Picking her up the next morning, Tworkowski’s friend took Renee to a treatment center in Orlando where she was told to come back after five days provided she stay sober and keep from hurting herself.  For those five days, Renee stayed with Tworkowski and his friends, telling them her story.  They learned of her pain and how, again, music was her saving grace.  Inspired, Tworkoski asked her what she thought of the possiblity of sharing her story.  Smiling, Renee agreed with the idea, hoping for a purpose for her pain.  Once she checked into treatment, Tworkowski began to write her story and one phrase in particular kept appearing: “to write love on her arms”.

“What that was was a goal… It was the idea of believing that a better life was possible for her and believing that she deserved that better life,” said Tworkowski. “Our hope was that she could arrive at that place, at this new identity in the face of what she had marked on her body.”

From there on, things grew rapidly.  Getting the idea for black t-shirts with white print on them from a Coldplay concert where the band wore black clothes and white shoes, Tworkowski set out to raise money for Renee’s treatment.  Friend and lead singer of Christian rock band Switchfoot, Jon Foreman, wore one of the first at a concert in South Florida and TWLOHA’s MySpace page saw many new messages, comments, and friend requests overnight.

More bands got involved, wearing t-shirts at their gigs and telling others about the organization, and soon, at the age of 26, Tworkowski left his job at Hurley International.  For the first year, TWLOHA operated under the umbrella of another non-profit charity, Fireproof Ministries. Since then, it has operated as 501(c)(3) non-profit organization, and today, 14 people are on staff, sharing  anoffice in Melbourne, FL and a house full of interns primarily respond to messages and take part in interventions and promoting the cause.

The fact that people have responded to this issue worldwide says something about the universality of it, said Tworkowski.

“What that tells is that maybe this is not an American conversation, maybe this is not a white people conversation, maybe this is not an emo conversation,” said Tworkowski. “Instead maybe this is about being alive on this planet, and maybe it’s about this human condition that you and I keep waking up to that in this life we will experience… this problem of pain.”

In the United States, 20 million people suffer from depression, and untreated depression is the leading cause of suicide, which itself is the third leading cause of death.  To Tworkowski, however, the statistic that gets him the most is that two out of three people with depression never seek help.  Yet, with the growth of his organization and the spread of love as a movement has him hearing from people who are finally seeking help or rehabilitation and ways in which to deal with pain that do not result in them hurting themselves.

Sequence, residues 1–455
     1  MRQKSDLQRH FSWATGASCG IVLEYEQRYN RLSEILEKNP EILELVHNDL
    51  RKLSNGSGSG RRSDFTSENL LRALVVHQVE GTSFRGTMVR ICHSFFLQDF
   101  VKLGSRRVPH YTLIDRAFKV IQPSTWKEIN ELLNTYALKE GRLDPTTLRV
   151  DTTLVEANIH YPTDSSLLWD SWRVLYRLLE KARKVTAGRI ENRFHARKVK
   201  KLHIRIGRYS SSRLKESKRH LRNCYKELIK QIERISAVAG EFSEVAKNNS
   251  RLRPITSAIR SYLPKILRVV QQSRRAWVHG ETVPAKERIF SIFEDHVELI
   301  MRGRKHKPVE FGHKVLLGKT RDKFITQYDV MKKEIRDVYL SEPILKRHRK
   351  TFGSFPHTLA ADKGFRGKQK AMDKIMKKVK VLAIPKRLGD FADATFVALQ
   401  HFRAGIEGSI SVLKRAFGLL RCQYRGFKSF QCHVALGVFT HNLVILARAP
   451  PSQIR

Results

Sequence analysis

“This pain has come in the context of other people,” said Tworkowski. “Maybe our healing actually happens in the same context… maybe healing doesn’t come when we give up on love or trust or friendship or people, but instead, maybe healing begins to happen when we actually let some people know us in those places.”

Students who are long-time supporters of TWLOHA turned up for the event, and when Tworkowski and James sat down for a Q&A, no one raised their hand.  Afterwards, however, many people lined up to speak with Tworkowski, who listened to each and every single person’s story, giving them his full attention.

“A lot of things definitely hit home, and I’m glad that I was able to come out to this event,” said David Alexis, a School of Arts and Sciences junior.

“I think it’s really awesome, ‘cause it’s… spreading the message that you don’t have to go through something alone,” said Cristina Fontana, also a School of Arts and Sciences junior and a counselor for ScarletListeners, Rutgers’ very own peer counseling hotline. “There’s always someone that can listen to you.”

After the talk and the meet and greet, Tworkowski spoke about the affect his cause has had on people and what affect that, in turn, has had on his cause.

“Sometimes it feels like there’s not a lot to give,” Tworkowski said. “But it’s also an honor that… you’re reminded, you see people with tears in their eyes… Sometimes people say they’re still alive because of what you’re doing, and that’s the kind of thing that keeps you going as well.”

Although it seems that TWLOHA resonates with certain types of people who listen to certain types of music, Tworkowski said he hopes that this is something that people will see is not specific to any one kind of person.

“It grew out of this certain subculture… so it’s taken some time to grow beyond that,” he said. “Maybe not everyone would love all the bands we work with or the way the t-shirts are designed, but when you get down to the heart of it, the issues, the ideas that those are things that are… universal, that people in a lot of different circles… that they would appreciate.”

This past summer, TWLOHA has launched a new campaign which asks two simple questions: “What is your biggest fear?” and “What is your greatest dream?”  Fears vs. Dreams has taken off to become bigger than a simple summer project, and with it, TWLOHA is expanding, making sure that those in need know that rescue is possible.